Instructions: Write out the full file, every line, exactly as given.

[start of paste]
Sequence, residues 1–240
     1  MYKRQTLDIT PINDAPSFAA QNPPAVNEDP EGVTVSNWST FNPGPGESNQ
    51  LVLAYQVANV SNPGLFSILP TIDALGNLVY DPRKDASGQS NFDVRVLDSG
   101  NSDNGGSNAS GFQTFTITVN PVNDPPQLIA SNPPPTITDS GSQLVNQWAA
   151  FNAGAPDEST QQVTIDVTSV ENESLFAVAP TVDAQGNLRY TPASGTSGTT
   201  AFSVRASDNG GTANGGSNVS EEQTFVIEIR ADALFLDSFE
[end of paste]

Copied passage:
Sequence, residues 1–240
     1  MYKRQTLDIT PINDAPSFAA QNPPAVNEDP EGVTVSNWST FNPGPGESNQ
    51  LVLAYQVANV SNPGLFSILP TIDALGNLVY DPRKDASGQS NFDVRVLDSG
   101  NSDNGGSNAS GFQTFTITVN PVNDPPQLIA SNPPPTITDS GSQLVNQWAA
   151  FNAGAPDEST QQVTIDVTSV ENESLFAVAP TVDAQGNLRY TPASGTSGTT
   201  AFSVRASDNG GTANGGSNVS EEQTFVIEIR ADALFLDSFE